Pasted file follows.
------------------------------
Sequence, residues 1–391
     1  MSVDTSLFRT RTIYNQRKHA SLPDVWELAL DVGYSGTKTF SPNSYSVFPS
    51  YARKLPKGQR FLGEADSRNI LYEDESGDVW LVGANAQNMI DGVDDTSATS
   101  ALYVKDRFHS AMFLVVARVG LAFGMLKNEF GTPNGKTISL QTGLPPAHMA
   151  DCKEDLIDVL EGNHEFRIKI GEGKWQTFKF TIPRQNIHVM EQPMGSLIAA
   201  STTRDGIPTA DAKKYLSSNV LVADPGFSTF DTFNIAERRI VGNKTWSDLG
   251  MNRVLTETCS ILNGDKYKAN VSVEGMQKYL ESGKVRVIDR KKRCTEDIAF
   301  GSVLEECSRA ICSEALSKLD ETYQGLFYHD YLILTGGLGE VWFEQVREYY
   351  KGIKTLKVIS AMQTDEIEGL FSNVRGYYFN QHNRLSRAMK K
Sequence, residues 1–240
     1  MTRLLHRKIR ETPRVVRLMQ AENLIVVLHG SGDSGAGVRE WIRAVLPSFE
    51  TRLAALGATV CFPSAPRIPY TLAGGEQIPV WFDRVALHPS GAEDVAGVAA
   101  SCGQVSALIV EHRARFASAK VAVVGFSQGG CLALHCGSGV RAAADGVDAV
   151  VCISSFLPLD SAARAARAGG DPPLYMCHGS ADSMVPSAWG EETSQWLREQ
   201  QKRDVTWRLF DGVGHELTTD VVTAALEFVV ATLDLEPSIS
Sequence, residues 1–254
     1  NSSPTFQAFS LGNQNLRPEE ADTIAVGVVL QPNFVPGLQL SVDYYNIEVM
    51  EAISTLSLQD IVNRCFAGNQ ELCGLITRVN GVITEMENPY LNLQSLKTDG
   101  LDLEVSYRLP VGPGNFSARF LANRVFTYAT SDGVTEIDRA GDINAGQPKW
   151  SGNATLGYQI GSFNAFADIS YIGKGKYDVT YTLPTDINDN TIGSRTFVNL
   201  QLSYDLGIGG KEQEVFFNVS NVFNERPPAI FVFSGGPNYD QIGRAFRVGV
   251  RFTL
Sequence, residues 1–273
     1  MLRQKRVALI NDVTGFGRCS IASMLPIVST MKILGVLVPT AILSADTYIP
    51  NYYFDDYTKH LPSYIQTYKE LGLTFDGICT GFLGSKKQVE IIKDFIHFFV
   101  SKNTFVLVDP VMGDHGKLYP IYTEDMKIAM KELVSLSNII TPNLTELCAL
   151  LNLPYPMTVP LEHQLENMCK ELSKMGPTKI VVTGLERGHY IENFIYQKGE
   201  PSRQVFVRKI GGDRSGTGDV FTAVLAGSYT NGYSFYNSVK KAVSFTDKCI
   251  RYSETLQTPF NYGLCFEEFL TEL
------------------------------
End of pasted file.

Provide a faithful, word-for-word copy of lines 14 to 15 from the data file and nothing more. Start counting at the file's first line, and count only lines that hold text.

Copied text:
   151  VCISSFLPLD SAARAARAGG DPPLYMCHGS ADSMVPSAWG EETSQWLREQ
   201  QKRDVTWRLF DGVGHELTTD VVTAALEFVV ATLDLEPSIS